Here’s How Oklahoma’s Black Entrepreneurs Are Rebuilding ‘Black Wall Street’

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Over 300 black-owned businesses once thrived in Tulsa, Oklahoma’s Greenwood District aka, ‘Black Wall Street.” In 1921, Greenwood was burned to the ground in the worst race massacre in United States history. It was rebuilt. But, eventually succumbed to the systemic racism of urban planning and discriminatory policies in the mid-20th century.

Dream Tulsa, a new program developed by the George Kaiser Family Foundation, is growing local talent and recruiting black entrepreneurs from around the nation to rebuild Black Wall Street.

Black Wall Street - Dream Tulsa - Before Race Riot of 1921

Black Wall Street in Tulsa, OK prior to the race massacre of 1921 (Image: Oklahoma State University)

 

Today, a highway covers much of the area that became known as Black Wall Street; hiding the history of hard-won economic freedom and entrenched racial animus. Generations of black entrepreneurs and investors have been inspired by the story of Tulsa’s Greenwood. Greenwood is, perhaps, the best-known of the many black economic zones—known as Black Wall Streets—that flourished in the early 20th century.

In May 2018, Dream Tulsa is bringing a group of black entrepreneurs and innovators from around the nation to Tulsa. They will be immersed in the history of Greenwood and enticed to move to Tulsa to rebuild Black Wall Street.

Black Enterprise Contributor Brandon Andrews sat down with Dream Tulsa coordinator Onikah Asamoa-Caesar to talk about the legacy of Black Wall Street and ambitious plans to spark a new movement for economic freedom in Tulsa and beyond.

 

Black Wall Street has become a rallying cry for economic independence. The modern #BankBlack and #BuyBlack movements trace their roots to the story of Tulsa’s prosperous Greenwood District. Many people are familiar with the name, but what’s one thing people may not know about Black Wall Street?

A lot of people don’t realize both the tragedy and triumph of Black Wall Street, which in Tulsa was the name for the Greenwood District; an economically thriving community with well over 300 black-owned businesses, including banks, movie theatres, hospitals, hotels, and much more.

The race massacre of 1921, historically known as the 1921 Race Riot, is considered by some to be the first documented case of the U.S. using airstrikes against its own citizens. The entire Greenwood District was burned to the ground by white Tulsans, including members of law enforcement and government, and that history was not meaningfully addressed for decades.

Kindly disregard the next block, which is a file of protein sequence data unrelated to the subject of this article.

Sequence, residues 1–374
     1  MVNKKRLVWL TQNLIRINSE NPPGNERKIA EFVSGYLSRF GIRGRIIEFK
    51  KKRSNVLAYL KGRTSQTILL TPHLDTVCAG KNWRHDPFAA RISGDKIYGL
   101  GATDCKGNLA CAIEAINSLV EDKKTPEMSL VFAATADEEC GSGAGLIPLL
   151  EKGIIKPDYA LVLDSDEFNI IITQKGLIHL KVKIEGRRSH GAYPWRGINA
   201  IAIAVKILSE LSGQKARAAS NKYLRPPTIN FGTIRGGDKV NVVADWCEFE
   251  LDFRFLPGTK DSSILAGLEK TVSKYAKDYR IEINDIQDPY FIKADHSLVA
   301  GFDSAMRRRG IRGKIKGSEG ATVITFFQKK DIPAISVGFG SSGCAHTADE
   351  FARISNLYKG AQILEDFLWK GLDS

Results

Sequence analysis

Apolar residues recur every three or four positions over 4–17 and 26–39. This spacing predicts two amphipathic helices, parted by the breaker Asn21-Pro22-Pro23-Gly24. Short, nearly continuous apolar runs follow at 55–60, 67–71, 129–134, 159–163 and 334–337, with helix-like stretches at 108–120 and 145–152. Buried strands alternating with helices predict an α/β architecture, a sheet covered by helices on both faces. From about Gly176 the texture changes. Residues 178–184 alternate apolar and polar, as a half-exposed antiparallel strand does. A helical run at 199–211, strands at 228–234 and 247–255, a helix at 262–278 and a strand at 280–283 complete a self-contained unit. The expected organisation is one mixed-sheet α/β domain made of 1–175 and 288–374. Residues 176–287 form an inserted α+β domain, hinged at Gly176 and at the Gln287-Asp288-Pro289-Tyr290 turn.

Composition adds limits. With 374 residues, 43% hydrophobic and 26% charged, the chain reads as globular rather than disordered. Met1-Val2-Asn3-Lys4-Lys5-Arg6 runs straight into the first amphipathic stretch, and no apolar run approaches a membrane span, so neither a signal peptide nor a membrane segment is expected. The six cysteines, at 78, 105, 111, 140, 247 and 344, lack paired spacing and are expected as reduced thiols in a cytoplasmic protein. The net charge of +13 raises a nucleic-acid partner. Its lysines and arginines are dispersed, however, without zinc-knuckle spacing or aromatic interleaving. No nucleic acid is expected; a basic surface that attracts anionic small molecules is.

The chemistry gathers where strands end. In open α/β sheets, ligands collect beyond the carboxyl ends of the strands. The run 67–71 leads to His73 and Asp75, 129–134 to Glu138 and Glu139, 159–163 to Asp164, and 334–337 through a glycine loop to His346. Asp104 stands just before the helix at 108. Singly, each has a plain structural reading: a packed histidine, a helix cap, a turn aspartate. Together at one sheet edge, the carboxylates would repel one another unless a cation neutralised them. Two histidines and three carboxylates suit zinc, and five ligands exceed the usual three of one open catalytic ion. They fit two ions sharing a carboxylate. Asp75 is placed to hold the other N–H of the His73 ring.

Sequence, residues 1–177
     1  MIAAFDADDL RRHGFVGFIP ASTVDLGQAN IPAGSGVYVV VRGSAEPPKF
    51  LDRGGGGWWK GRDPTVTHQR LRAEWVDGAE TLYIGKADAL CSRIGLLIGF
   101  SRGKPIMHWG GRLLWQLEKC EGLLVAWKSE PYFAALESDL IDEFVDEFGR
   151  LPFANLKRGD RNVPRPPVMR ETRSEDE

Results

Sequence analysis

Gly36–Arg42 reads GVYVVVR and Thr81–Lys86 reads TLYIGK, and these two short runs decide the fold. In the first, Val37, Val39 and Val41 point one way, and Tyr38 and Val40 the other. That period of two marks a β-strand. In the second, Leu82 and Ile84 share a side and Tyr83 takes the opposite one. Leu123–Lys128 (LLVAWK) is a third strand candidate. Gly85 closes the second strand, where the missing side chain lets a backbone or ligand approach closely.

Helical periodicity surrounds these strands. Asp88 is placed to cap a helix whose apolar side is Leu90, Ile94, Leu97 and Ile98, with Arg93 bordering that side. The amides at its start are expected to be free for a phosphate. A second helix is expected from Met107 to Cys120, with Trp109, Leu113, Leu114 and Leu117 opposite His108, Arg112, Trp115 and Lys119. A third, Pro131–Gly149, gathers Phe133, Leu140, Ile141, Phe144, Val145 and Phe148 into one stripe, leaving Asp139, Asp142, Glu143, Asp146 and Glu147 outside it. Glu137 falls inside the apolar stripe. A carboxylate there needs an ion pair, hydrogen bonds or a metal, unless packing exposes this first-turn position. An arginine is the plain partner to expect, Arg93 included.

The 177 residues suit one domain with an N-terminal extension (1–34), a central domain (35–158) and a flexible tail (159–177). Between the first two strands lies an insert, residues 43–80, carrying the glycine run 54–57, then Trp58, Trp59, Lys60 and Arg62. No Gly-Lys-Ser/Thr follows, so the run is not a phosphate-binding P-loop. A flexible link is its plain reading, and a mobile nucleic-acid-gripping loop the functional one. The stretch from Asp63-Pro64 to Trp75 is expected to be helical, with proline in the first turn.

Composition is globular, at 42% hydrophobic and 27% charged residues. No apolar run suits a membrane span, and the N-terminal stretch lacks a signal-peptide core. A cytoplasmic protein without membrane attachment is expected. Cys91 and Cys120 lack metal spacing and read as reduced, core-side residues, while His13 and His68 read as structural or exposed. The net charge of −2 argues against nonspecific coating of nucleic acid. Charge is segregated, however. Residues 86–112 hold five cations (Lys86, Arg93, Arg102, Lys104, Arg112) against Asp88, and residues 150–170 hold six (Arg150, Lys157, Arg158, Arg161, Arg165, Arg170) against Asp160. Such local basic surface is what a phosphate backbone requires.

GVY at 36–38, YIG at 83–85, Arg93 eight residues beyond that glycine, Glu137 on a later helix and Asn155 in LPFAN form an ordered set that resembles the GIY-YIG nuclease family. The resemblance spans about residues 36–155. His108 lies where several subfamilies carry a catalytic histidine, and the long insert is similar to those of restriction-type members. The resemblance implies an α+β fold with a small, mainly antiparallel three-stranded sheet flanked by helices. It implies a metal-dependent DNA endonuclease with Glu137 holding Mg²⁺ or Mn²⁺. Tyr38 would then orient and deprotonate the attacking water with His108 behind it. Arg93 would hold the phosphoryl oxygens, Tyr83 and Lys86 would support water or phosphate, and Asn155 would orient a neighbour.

In the mid-1990’s, community leaders and lawmakers began the process of really peeling back the layers of that history and now, as a community, we are working toward ensuring that it is no longer hidden.

 

 

 

 

Black Wall Street - Dream Tulsa - After Race Riot of 1921

Black Wall Street in Tulsa, OK after the race massacre of 1921 (Image: Oklahoma State University)

 

The Tulsa Race Riot set fire to the Greenwood District in 1921. What’s happened in Greenwood since then?

The Greenwood community began rebuilding immediately after the massacre. Black Wall Street was fully rebuilt by 1925 and reached its economic peak in 1941. That part of the story is often missing. So often, people focus on the massacre and fail to mention the resilience of the community. Black Wall Street rose from the ashes. Can you imagine? After having been bombed, looted, and burned down, the Greenwood community banded together and started the process of rebuilding. And what the community built in the aftermath was even more glorious than what had been destroyed. Many of the recent videos that surfaced show footage of Black Wall Street after its rebirth.

However, progress was short lived. Insurance claims were ultimately denied, unrealistic policies about building materials were enacted, a highway was built that, to this day, runs right through the Greenwood District. It was that type of systemic racism, along with other deep-seated social and economic forces, that crippled Black Wall Street in the long term and continues to plague communities of color across the nation.

 

Can the dearth of economic development in Greenwood and North Tulsa more generally be traced back to the Tulsa Race Riot, or are there other factors?

When I first moved to Tulsa for Teach America in 2013, I looked at my classroom of first graders and thought to myself, these are the descendants of those who built Black Wall Street, one of the greatest centers of economic wealth for African Americans in this country. And, as I looked around at the condition of the school and community, I could not help but see the direct link between the destruction of Black Wall Street and the issues that my students faced every single day. I think that had the race massacre not occurred, my first graders would have been living a very different reality.

 

Black Wall Street - Dream Tulsa - Archer at Greenwood looking north 1938